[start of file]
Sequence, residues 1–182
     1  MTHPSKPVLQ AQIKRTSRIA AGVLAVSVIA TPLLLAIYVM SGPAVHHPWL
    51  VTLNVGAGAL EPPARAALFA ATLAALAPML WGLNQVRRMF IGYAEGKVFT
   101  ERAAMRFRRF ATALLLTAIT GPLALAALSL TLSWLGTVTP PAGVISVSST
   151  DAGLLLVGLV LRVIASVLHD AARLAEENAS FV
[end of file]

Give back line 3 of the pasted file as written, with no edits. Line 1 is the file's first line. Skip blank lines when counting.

    51  VTLNVGAGAL EPPARAALFA ATLAALAPML WGLNQVRRMF IGYAEGKVFT